English Housing Survey Headline Report 2013-14 was published in February 2015:
What it had to say about the increase in the Private Rented Sector (PRS) and about the 25 to 34 age range is significant.
The private rented sector remained larger than the social rented sector.
The proportion of households renting social housing remained steady at 17% (3.9 million).
Young households aged 25-34 were more likely to be renting privately than buying their own home.
In 2013-14 almost half (48%) of all households aged 25-34 rented privately, up from 45% in 2012-13.The proportion in this age group living in the private rented sector has more than doubled from 21% in 2003-04. Over the same 10 years, owner occupation in this age group dropped from 59% to 36%.
Average weekly private rents in London were consistently higher than outside of London from 2008-09 to 2013-14.
In 2013-14, average weekly private rents were £281 in London and £145 outside of London. There was a smaller difference between average weekly social rents in London (£125) and outside London (£87).
The number of non-decent homes in England continued to decline. In 2013, 4.8 million dwellings (21%) failed to meet the decent homes standard, a reduction of 2.9 million homes since 2006, when around a third (35%) of homes failed to meet the decent home standard.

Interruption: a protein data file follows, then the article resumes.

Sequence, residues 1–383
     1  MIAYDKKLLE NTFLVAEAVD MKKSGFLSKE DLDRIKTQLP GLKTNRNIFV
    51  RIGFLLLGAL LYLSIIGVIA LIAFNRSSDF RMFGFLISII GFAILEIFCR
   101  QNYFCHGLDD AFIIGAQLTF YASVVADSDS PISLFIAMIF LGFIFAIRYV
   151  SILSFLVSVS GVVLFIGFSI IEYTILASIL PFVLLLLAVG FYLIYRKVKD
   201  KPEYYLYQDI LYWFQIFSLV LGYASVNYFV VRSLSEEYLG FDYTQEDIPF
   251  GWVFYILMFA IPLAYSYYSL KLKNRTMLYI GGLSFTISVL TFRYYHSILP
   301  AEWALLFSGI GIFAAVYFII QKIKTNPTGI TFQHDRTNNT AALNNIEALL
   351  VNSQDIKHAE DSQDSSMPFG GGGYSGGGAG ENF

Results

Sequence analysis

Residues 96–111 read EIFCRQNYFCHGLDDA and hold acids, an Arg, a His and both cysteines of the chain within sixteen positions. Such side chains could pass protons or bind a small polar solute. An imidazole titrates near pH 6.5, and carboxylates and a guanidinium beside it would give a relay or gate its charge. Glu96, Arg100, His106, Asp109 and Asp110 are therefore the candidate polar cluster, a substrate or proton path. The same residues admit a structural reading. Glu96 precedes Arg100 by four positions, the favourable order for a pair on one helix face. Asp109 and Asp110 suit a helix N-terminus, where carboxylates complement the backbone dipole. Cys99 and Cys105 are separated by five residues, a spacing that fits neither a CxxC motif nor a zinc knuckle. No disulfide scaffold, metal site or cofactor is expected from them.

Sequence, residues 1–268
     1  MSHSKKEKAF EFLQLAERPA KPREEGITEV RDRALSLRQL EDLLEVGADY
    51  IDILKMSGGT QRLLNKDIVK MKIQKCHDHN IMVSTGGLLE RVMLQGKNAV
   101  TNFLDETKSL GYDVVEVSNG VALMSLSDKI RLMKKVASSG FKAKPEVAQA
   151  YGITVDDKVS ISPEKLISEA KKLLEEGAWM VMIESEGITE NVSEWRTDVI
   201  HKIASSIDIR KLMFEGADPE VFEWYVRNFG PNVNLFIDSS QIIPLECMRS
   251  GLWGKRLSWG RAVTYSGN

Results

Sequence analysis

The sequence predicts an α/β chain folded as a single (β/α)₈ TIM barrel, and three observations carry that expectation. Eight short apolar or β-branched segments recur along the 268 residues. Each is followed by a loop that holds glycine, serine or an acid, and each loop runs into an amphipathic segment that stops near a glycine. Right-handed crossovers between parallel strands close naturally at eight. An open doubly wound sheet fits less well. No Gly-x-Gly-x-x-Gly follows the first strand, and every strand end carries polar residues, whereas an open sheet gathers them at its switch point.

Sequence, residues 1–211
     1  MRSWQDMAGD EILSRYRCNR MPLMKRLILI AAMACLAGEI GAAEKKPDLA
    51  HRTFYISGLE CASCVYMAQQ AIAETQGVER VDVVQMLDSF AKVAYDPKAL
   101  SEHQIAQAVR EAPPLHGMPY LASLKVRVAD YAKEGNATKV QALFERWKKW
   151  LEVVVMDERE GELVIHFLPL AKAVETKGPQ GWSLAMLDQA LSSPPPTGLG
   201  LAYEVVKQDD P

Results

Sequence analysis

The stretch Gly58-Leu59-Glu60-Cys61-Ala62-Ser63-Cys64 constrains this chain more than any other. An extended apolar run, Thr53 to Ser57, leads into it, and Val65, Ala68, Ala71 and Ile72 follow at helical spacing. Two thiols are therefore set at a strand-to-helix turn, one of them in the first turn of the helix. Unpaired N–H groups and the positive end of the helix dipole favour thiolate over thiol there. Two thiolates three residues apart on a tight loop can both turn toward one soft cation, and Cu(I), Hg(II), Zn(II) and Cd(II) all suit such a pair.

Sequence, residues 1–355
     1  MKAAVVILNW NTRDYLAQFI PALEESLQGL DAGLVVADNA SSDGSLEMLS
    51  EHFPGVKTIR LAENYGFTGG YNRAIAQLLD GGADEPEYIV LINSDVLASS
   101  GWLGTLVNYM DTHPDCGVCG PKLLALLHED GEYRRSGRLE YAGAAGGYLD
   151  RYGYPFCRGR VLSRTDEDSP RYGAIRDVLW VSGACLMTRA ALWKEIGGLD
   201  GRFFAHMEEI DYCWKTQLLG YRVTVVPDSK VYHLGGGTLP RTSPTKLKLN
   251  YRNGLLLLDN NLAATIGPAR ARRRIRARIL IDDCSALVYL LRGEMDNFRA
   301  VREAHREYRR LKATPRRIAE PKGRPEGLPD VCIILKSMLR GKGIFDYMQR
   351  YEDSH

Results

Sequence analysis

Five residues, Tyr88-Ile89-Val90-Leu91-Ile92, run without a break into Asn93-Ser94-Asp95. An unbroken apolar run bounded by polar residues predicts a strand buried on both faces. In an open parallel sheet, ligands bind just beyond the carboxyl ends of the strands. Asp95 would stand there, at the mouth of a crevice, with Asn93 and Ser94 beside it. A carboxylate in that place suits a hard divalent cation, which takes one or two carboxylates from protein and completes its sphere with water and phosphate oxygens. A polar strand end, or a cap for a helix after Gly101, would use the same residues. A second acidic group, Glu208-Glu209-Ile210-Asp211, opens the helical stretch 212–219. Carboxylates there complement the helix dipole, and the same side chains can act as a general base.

Damp problems were more likely to be found in private rented dwellings than social rented or owner occupied dwellings. In 2013 about a million (999,000) homes (4%) had problems with damp, compared with 2.6 million (13%) homes in 1996. Some 8% of private rented dwellings had some type of damp problem, compared with 5% of social rented dwellings, and 3% of owner occupied dwellings, although private rented dwellings tended to be older properties more prone to damp problems.
In 2013-14, the private rented sector accounted for 4.4 million or 19% of households. Throughout the 1980s and 1990s, the proportion of private sector households stayed steady at around 10%. However, the sector has undergone sharp growth since then and has doubled in size since 2002, driven by a number of factors.
In the late 1990s rent controls were removed, and assured shorthold tenancies became the standard, giving greater flexibility in the length of tenancies. Lenders also introduced the buy-to-let mortgage at around the same time.
In London, the proportion of households in the private rented sector increased from 14% to 30% between 2003-04 and 2013-14, Figure 1.2. Over the same period, the proportion of households in London that were owner occupied, but buying with a mortgage declined from 39% to 27%. In London, the private rented sector became as large as the mortgagor sector in 2013-14.
The whole document can be read HERE